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Robb: A better way to fix the housing mess

Assuming government officials can fix housing assumes that they know how many homes should be bought and built and what they should cost. They don't. No one does. That's why there are markets.

Assuming government officials can fix housing assumes that they know how many homes should be bought and built and what they should cost. They don't. No one does. That's why there are markets.

Well, at least President Obama’s housing plan isn’t as bad as his stimulus plan.

It is, nevertheless, unnecessarily costly and cumbersome.

The common refrain that the economy won’t be fixed until housing is fixed has some validity. But it doesn’t offer much useful guidance for policymakers.

Assuming government officials can fix housing assumes that they know how many homes should be bought and built and what they should cost. They don’t. No one does. That’s why there are markets.

Instead, federal policy regarding housing is best seen as a welfare program, using the term descriptively, not pejoratively. The question is what government should do to help people cope with the stress the burst of the housing bubble and the economic contraction have put on mortgages.

There are three categories of people who could use assistance:

• Those who bought more home than they could afford, assuming that rising values would permit a later refinancing;

• Those who are having trouble making payments due to a loss of family income;

• And those who want to sell their homes but can’t because their homes are now worth less than they owe and they cannot afford the loss.

Obama spoke, as did President Bush before him, about separating the deserving from the undeserving in any assistance program.

But that’s impossible. An assistance program can, and should, be limited to primary residences. But beyond that, aid will fall on the just and the unjust alike.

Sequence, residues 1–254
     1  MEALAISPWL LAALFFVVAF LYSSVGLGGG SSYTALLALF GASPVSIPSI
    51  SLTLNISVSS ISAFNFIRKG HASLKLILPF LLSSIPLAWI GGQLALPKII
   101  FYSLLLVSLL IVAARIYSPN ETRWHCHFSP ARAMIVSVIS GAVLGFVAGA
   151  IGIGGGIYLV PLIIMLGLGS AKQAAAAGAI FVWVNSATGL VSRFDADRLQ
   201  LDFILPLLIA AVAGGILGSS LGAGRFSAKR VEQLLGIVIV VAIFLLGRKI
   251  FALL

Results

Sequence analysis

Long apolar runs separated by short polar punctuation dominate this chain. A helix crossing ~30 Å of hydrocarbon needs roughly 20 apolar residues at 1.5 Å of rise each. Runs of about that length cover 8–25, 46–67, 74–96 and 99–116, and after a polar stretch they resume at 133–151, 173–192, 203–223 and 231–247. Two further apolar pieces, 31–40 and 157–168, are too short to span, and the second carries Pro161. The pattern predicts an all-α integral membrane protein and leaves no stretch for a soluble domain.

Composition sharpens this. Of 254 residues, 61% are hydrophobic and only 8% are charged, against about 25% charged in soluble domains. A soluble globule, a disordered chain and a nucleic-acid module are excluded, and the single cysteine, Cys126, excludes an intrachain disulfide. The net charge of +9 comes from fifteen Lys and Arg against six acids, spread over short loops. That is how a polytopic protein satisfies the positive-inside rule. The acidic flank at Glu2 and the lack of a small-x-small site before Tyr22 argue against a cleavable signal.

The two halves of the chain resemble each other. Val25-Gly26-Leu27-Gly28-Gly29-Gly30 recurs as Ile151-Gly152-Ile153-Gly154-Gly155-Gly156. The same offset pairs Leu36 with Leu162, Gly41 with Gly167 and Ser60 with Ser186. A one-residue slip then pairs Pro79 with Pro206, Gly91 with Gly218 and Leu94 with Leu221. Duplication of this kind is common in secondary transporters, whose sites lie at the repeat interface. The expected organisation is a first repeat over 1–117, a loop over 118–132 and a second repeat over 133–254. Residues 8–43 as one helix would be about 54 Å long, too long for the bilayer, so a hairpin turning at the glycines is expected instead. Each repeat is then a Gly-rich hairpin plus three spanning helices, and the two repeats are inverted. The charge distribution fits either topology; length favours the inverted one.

Obama proposes that Fannie Mae and Freddie Mac refinance loans they own or guarantee up to 105 percent of current value.

He also proposes that other lenders write down the loans of borrowers who cannot afford their mortgages. Lenders would eat whatever reduction would get mortgage payments down to 38 percent of the borrower’s income. The federal government would then subsidize a further write down to 31 percent of income.

This is very costly. The program would require another $275 billion federal outlay to provide Fannie and Freddie additional public capital and subsidize loan write downs.

It’s also of limited reach and relief. Underwater mortgages not owned or guaranteed by Fannie and Freddie would be ineligible for refinancing under that part of the program.

And the write-down relief is good for only five years. After that, payments can pop back up. Unless home values or family incomes have sharply rebounded, the same affordability problem reappears.

There’s a better solution that’s both broader and less costly. It’s grounded in two realities: (1) the default rate on mortgages that are underwritten for income is very small; and (2) the market power of a government guarantee.

Here’s the proposal: For a short period of time, say two years, the federal government will guarantee the refinancing of any mortgage on any primary residence so long as the monthly payments don’t exceed 31 percent of family income. It doesn’t matter what the home is worth or how long the payment term has to be, even if it exceeds 30 years.

This would be at the option of the homeowner. Existing lenders don’t have to take a hair cut or consent. They are paid off.

The guarantees would work the same way as the existing Fannie and Freddie guarantees work. They would buy qualifying refinanced mortgages and then resell them with a guarantee, for a fee.

This part of the Fannie and Freddie business model was working fine. They were brought down by the subprime mortgage-backed securities generated by others that they bought for investment.

A federal guarantee should lubricate the private market to originate such loans and buy them in the secondary market. Federal losses, given the income underwriting, should be minimal and covered by the fees.

Since September, the federal government has been guaranteeing, for a fee, money-market funds. There have been no losses and the government has collected over $800 million in fees.

A housing plan based upon refinancing guarantees, not outlays and hair cuts, would do more and cost less.

Robert Robb, an Arizona Republic columnist, writes about public policy and politics in Arizona. E-mail: robert.robb@arizonarepublic.com

Citizen Online Archive, 2006-2009

This archive contains all the stories that appeared on the Tucson Citizen's website from mid-2006 to June 1, 2009.

In 2010, a power surge fried a server that contained all of videos linked to dozens of stories in this archive. Also, a server that contained all of the databases for dozens of stories was accidentally erased, so all of those links are broken as well. However, all of the text and photos that accompanied some stories have been preserved.

For all of the stories that were archived by the Tucson Citizen newspaper's library in a digital archive between 1993 and 2009, go to Morgue Part 2

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